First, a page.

AbstractThe precise control of ferromagnetic domain wall formation opens up exciting avenues of research and potential application in spintronics — the manipulation of charge carriers via their spin properties. Recent experiments on Cobalt-Platinum multilayers containing artificially created domains provide the motivation for this work. In this thesis the electronic structure of CoPt multilayers are calculated by an ab initio multiple scattering method, and attempts are made at replicating the systems used in experiments, including lattice relaxations and the effects of substitutional alloying. The magnetic reversal process in Pt/Co/Pt trilayer systems is studied in the framework of micromagnetics, in which effects such as exchange, magnetocrystalline anisotropy and the demagnetising field are treated phenomenologically. The results are compared to recent experiments and the switching mechanism can be understood in terms of domain growth and domain wall nucleation. A ballistic transport framework is outlined in terms of a tight binding Green function method. The domain wall is modelled as a change in the local spin reference frame. The method is applied to Cobalt Platinum trilayers, and it is found that the resulting domain wall resistances are sensitive to the details of the Fermi energy bands. Subsequently, the angular dependence of domain wall resistivity in Pt/Co/Pt systems is studied by a model based on the anisotropic resistivity tensor that is expected in a domain wall. The results are used to extract resistivity parameters from experimental data, and a positive domain wall resistivity is identified, whilst resulting arguments provide supporting evidence for the Levy-Zhang theory of domain wall resistance. Finally, recent experiments on the dilute magnetic semiconductor (Ga,Mn)As have provided evidence for a negative intrinsic domain wall resistance in this material. By applying a similar model to that used on the CoPt systems, it is shown that the anomalous magnetoresistance effect can also provide a significant negative contribution to the measured resistance via induced eddy current at the domain wall boundary.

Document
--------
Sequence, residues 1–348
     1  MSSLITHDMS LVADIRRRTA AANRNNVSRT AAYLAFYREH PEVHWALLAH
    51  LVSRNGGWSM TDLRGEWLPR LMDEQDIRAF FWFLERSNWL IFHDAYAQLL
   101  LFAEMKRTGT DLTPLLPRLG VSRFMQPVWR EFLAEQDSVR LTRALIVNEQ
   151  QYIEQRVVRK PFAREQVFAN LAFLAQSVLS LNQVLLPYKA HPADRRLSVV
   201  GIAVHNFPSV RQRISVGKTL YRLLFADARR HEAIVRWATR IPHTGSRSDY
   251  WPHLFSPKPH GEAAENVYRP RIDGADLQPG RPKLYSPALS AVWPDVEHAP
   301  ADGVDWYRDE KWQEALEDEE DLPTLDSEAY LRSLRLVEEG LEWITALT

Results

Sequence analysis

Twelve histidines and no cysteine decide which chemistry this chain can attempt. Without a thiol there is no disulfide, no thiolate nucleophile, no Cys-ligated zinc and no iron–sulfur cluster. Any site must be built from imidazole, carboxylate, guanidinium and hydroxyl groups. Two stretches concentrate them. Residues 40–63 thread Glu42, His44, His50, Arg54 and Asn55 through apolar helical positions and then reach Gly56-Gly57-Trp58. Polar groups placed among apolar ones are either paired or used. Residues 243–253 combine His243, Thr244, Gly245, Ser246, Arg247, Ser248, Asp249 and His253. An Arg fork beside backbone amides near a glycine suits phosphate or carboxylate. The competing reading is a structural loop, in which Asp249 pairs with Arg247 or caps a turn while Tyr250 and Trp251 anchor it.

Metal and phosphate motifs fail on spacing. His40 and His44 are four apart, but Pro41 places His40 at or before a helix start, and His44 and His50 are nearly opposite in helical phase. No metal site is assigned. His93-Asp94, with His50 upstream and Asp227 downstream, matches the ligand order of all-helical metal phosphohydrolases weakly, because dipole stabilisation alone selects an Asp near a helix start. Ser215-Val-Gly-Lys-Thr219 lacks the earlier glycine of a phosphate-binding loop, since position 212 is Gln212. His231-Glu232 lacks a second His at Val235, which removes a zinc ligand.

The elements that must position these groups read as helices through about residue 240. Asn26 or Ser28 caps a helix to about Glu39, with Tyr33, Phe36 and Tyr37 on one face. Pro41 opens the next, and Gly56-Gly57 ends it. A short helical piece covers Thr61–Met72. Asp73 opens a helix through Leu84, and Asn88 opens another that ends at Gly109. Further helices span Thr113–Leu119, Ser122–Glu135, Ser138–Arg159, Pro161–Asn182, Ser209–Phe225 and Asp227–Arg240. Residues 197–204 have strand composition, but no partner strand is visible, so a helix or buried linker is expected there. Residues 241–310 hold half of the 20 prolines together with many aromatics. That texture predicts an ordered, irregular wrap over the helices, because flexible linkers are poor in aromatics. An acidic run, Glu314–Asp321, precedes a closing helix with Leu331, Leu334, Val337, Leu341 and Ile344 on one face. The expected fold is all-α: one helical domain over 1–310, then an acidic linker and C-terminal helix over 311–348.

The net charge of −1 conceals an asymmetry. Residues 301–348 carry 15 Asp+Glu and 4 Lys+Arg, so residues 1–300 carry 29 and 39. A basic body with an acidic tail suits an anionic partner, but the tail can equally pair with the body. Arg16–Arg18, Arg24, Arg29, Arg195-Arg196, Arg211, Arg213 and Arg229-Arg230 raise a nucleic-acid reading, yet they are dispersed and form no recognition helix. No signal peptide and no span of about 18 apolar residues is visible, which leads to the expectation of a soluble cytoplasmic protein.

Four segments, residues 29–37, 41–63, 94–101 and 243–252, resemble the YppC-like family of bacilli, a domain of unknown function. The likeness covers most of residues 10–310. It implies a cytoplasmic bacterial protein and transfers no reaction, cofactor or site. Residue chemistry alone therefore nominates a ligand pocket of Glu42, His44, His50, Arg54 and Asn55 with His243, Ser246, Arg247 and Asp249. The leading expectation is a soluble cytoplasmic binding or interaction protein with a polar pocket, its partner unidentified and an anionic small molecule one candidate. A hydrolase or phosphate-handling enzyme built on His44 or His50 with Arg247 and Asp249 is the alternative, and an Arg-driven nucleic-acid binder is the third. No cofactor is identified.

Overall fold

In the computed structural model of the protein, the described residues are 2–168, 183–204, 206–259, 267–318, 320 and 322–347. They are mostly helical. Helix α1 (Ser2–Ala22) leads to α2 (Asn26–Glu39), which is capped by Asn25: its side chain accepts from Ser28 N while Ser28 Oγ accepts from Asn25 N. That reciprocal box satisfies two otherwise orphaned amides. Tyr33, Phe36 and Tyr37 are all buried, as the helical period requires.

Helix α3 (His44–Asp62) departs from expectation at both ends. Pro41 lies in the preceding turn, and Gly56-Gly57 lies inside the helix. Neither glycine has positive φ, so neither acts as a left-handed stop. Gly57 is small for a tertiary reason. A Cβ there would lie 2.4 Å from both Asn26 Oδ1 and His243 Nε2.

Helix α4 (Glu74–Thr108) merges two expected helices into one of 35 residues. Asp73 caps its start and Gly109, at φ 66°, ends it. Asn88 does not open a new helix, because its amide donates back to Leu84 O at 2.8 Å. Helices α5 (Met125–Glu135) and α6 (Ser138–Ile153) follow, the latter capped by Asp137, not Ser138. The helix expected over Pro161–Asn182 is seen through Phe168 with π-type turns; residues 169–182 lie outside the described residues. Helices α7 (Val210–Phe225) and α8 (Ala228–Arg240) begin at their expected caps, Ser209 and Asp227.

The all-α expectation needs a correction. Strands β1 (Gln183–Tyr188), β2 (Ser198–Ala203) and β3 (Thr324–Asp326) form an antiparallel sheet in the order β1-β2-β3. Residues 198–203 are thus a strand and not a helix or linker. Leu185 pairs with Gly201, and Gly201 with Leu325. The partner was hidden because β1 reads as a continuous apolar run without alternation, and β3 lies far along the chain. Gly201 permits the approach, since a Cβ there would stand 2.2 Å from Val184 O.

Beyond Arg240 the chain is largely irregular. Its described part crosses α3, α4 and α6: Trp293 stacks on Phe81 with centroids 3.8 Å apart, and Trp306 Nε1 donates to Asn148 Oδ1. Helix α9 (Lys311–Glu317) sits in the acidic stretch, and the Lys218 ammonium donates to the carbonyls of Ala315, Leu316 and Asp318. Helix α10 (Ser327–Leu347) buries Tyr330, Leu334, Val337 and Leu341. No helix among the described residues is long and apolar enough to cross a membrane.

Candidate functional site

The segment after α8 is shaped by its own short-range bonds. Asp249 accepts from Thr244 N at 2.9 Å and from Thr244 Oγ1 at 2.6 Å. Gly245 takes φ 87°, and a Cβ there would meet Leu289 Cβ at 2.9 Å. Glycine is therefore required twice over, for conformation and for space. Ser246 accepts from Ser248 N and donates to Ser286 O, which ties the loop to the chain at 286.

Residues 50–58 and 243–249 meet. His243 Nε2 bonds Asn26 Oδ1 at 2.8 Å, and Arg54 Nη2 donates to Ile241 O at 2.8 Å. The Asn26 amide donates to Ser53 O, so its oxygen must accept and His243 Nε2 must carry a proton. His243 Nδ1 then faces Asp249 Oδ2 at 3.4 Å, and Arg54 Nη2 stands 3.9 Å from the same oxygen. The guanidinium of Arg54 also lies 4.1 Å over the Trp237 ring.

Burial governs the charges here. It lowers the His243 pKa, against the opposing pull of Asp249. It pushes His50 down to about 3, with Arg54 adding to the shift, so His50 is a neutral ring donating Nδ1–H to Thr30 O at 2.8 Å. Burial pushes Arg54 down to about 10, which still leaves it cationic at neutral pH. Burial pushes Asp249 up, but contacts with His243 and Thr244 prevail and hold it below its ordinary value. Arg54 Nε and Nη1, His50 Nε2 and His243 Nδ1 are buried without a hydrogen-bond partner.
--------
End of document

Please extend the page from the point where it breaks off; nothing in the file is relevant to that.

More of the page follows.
|Date of Award||1 May 2008|
|Supervisor||Simon Crampin (Supervisor)|
- domain walls
Magnetism and transport in nanostructured domain wall systems
Roberts, H. (Author). 1 May 2008
Student thesis: Doctoral Thesis › PhD